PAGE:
news_adNo doubt there will be lots of analysis and reaction to follow. We see that Gannett Blog has logged 70 comments in the first four hours. We’ll keep an eye out. In the meantime, we couldn’t help taking a snapshot of the ad that appeared on the Detroit News‘s account of today’s announcement.  Perhaps a cleansing is exactly what’s needed.



This entry was posted on Tuesday, December 16th, 2008 at 3:35 pm and is filed under Facebook, Fake News, Paywalls, Solutions. You can follow any responses to this entry through the RSS 2.0 feed. Both comments and pings are currently closed.


  1. December 16, 2008 @ 5:17 pm

    I’m still laughing about the “print your own newspaper” concept. No wonder the industry is collapsing. There’s this thing called a computer screen that I can read. It’s like a piece of paper that can magically change. 🙂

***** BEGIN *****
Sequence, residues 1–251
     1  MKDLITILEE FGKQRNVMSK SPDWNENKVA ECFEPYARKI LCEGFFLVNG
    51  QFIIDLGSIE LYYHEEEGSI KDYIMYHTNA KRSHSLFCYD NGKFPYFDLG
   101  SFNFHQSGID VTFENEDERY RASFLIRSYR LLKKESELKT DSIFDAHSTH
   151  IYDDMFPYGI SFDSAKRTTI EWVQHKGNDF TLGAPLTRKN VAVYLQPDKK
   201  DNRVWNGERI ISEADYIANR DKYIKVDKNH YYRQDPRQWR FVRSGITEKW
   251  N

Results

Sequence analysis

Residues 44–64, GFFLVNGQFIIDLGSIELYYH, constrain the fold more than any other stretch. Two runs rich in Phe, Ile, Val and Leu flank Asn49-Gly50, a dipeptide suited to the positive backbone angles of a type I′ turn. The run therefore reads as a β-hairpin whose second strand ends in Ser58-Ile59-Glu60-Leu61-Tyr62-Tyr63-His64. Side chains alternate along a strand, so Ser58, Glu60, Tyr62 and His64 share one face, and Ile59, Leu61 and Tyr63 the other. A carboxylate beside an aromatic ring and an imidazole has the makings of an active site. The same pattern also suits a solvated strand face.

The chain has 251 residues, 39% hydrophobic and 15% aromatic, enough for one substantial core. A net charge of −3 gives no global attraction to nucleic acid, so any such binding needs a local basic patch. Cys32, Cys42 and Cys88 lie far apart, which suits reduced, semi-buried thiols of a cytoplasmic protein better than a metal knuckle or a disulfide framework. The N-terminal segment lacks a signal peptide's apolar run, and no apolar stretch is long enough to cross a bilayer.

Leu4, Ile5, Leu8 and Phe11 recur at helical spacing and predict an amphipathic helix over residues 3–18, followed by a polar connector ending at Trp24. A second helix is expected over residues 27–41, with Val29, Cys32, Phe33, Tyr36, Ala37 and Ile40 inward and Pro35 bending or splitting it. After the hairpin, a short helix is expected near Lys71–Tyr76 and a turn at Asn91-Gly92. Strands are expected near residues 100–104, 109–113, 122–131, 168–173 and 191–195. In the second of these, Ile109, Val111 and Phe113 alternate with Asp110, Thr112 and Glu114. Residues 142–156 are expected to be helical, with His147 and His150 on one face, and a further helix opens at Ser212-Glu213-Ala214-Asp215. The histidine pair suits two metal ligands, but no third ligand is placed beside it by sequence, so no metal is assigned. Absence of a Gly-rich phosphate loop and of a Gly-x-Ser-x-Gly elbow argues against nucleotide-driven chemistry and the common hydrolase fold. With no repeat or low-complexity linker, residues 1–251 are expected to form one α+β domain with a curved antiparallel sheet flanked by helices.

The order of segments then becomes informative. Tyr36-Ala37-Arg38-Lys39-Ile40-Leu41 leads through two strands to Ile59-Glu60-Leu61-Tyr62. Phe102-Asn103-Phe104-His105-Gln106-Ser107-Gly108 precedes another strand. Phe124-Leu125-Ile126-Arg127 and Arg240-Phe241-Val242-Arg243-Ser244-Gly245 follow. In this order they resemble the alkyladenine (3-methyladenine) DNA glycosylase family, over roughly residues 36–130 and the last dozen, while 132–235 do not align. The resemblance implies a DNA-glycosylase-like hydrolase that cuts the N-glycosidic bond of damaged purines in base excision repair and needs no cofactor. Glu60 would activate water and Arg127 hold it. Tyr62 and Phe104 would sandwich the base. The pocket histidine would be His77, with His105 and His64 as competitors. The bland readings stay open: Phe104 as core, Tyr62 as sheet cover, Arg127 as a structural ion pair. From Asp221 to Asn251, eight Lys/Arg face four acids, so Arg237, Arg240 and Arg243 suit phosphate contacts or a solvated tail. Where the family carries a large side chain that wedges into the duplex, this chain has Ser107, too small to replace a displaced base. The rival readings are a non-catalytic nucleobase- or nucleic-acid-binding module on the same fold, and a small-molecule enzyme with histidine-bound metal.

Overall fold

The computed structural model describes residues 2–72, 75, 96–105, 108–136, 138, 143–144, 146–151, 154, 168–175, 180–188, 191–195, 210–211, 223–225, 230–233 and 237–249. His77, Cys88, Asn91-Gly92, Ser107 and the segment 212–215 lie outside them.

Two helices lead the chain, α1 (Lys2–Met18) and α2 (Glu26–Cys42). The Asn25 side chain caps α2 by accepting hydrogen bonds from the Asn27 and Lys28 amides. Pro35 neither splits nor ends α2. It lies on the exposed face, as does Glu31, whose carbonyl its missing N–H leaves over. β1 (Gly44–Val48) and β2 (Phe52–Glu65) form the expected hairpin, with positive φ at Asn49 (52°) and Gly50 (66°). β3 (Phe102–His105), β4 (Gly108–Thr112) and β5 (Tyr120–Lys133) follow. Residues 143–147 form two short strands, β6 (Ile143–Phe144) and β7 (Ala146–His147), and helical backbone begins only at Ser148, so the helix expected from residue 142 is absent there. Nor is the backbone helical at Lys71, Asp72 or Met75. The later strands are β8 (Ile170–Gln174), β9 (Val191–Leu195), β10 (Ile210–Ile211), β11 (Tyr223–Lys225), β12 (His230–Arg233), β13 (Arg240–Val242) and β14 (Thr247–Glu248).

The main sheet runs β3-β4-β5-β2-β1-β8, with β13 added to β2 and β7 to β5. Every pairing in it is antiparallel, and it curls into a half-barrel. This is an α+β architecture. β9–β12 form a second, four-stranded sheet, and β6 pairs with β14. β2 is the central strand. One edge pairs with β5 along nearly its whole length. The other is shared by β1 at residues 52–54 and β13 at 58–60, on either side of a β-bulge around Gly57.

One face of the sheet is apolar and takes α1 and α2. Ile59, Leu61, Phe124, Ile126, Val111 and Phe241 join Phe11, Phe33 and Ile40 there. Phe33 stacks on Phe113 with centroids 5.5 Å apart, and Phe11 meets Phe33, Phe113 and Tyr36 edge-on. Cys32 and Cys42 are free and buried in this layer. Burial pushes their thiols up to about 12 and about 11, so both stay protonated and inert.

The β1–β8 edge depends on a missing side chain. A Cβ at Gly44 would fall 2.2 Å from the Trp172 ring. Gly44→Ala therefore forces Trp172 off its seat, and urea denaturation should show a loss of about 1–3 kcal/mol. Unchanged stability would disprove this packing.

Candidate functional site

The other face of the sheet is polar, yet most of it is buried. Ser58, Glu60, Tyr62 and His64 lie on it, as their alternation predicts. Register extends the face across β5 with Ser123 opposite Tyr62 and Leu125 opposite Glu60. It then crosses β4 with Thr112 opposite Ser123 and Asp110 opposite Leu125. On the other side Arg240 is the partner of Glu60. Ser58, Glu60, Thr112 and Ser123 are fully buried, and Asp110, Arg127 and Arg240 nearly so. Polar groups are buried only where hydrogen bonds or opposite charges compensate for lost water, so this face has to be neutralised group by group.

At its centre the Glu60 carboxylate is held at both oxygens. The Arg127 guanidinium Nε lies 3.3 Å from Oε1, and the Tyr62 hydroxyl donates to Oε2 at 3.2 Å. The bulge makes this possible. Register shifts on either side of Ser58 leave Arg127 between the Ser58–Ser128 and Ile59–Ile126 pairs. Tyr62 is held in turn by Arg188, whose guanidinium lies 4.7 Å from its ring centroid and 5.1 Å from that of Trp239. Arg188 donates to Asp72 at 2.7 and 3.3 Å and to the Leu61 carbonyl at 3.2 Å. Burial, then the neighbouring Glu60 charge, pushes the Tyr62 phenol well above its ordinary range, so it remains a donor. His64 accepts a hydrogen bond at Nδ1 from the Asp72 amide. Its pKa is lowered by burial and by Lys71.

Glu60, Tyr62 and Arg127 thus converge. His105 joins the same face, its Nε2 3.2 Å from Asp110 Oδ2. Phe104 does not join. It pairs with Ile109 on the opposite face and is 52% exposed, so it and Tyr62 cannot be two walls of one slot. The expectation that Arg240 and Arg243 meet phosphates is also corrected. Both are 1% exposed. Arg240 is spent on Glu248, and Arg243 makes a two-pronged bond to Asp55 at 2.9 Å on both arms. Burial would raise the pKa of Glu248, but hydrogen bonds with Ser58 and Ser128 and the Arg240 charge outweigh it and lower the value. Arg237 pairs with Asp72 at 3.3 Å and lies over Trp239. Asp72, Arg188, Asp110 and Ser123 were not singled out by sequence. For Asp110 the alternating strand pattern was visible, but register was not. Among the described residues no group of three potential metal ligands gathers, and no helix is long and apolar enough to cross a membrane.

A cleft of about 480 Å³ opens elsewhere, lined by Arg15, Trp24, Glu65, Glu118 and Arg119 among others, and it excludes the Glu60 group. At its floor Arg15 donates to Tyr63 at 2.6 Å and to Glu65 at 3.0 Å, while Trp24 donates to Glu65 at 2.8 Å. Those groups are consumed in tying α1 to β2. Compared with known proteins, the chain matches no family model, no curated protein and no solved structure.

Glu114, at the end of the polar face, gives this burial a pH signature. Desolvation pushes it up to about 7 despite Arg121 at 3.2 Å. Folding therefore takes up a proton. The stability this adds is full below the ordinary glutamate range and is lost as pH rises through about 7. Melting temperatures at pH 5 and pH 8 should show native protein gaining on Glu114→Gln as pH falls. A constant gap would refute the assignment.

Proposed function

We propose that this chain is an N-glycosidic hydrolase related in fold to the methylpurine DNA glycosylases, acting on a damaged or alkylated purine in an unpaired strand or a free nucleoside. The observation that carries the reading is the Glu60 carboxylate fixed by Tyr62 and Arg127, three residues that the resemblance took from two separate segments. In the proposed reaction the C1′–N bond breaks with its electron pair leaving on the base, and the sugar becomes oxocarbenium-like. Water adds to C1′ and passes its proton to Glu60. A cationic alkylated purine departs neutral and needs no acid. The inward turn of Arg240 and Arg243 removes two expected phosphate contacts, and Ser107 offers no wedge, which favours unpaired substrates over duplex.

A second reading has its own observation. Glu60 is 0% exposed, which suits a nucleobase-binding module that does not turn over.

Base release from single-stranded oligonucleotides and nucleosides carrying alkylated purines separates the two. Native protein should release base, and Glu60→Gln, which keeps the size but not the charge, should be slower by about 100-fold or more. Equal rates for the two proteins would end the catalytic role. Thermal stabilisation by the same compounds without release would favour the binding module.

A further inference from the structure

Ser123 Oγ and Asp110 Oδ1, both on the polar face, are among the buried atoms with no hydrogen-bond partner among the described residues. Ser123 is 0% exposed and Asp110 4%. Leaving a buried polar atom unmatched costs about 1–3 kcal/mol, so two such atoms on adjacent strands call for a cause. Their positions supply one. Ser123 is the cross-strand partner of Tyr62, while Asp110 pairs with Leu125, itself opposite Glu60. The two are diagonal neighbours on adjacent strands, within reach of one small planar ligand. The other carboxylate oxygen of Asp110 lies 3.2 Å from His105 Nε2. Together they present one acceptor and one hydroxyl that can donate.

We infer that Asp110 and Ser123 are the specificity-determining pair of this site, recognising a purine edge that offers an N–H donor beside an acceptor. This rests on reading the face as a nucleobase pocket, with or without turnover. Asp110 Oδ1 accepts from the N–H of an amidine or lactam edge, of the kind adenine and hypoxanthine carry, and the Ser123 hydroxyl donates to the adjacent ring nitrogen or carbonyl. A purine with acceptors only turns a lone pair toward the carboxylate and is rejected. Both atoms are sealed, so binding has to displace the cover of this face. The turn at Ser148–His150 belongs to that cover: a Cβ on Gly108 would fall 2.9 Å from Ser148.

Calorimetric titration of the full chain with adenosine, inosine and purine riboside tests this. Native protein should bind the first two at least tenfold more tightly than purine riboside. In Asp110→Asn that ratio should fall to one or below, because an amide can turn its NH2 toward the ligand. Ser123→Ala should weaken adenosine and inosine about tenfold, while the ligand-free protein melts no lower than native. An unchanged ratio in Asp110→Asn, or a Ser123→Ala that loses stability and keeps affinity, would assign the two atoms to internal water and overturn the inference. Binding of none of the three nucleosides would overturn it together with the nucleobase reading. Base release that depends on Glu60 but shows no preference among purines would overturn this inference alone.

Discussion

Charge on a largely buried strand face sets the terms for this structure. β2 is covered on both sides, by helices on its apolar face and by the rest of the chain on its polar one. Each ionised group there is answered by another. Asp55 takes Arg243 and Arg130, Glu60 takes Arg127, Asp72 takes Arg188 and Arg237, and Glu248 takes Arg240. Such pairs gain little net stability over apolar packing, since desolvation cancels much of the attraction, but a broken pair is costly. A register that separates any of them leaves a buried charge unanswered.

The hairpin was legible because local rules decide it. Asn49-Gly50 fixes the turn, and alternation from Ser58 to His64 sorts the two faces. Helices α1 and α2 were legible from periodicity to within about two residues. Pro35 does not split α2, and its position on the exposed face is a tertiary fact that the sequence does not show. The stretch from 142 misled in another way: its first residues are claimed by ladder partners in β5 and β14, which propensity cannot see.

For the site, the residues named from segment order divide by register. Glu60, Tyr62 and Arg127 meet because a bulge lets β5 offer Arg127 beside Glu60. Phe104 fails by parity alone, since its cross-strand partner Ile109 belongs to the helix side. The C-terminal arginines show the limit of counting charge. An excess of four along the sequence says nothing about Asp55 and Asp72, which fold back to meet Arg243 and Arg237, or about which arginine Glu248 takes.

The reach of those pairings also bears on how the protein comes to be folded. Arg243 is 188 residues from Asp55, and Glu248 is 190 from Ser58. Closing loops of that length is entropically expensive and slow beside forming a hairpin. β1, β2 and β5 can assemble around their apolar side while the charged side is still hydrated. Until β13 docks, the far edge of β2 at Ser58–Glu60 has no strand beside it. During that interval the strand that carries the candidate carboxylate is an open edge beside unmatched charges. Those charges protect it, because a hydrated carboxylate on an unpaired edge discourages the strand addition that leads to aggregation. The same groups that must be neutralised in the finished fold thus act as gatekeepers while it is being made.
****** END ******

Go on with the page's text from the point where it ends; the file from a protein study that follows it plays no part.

Posted by Ken Okel
  2. December 16, 2008 @ 10:04 pm
  3. December 16, 2008 @ 10:04 pm
  4. December 17, 2008 @ 1:19 am

    8 percent job cuts is a frecking joke. Until when? March, when the eliminate another 8 percent, and June when they eliminate another 8 percent. C’mon. This is laughable. These joint operating agreements are a disaster. MediaNews will slash and burn quicker than anyone, and Gannett is slowly catching up. The 3-day delivery plan will be dead within a year and both these papers will be online only or will just fold. Say good night. Do you think these two companies will emply 2,000 people with 3-days of publishing?

    Posted by Newspaper Fan
  5. December 17, 2008 @ 5:14 pm

    I am sorry, but this is not a crisis of newspapers, journalists, newsrooms, Internet or managers.

    It’s a city crisis.

    My take on “No City, No Newspapers” at

    Posted by Juan Antonio Giner
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    Detroit will comeback